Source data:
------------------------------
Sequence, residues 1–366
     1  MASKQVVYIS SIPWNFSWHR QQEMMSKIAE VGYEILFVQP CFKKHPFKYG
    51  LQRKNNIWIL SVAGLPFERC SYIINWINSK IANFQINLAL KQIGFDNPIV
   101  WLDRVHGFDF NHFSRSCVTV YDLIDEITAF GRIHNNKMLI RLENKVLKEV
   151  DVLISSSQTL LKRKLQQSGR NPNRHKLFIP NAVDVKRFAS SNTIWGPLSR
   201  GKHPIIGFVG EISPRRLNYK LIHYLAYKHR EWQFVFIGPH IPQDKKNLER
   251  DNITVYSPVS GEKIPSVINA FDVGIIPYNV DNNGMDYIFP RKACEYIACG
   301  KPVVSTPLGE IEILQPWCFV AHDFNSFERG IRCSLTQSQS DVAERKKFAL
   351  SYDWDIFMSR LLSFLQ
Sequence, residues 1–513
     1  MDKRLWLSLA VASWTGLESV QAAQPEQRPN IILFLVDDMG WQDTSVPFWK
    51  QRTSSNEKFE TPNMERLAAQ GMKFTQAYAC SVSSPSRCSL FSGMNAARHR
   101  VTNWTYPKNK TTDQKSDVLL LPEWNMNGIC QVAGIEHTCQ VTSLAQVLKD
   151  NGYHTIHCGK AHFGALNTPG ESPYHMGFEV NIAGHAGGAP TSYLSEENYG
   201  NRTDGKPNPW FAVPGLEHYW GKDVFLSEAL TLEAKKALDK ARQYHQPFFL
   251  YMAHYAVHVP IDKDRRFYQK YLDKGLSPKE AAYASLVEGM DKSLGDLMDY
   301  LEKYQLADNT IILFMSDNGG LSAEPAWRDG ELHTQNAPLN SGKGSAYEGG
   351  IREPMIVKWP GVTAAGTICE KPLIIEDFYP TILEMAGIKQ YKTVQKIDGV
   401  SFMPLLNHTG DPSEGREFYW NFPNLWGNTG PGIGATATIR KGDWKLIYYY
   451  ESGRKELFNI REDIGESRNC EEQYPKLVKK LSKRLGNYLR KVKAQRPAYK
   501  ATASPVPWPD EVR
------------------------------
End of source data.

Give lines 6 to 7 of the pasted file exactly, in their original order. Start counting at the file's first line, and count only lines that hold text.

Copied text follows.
   201  GKHPIIGFVG EISPRRLNYK LIHYLAYKHR EWQFVFIGPH IPQDKKNLER
   251  DNITVYSPVS GEKIPSVINA FDVGIIPYNV DNNGMDYIFP RKACEYIACG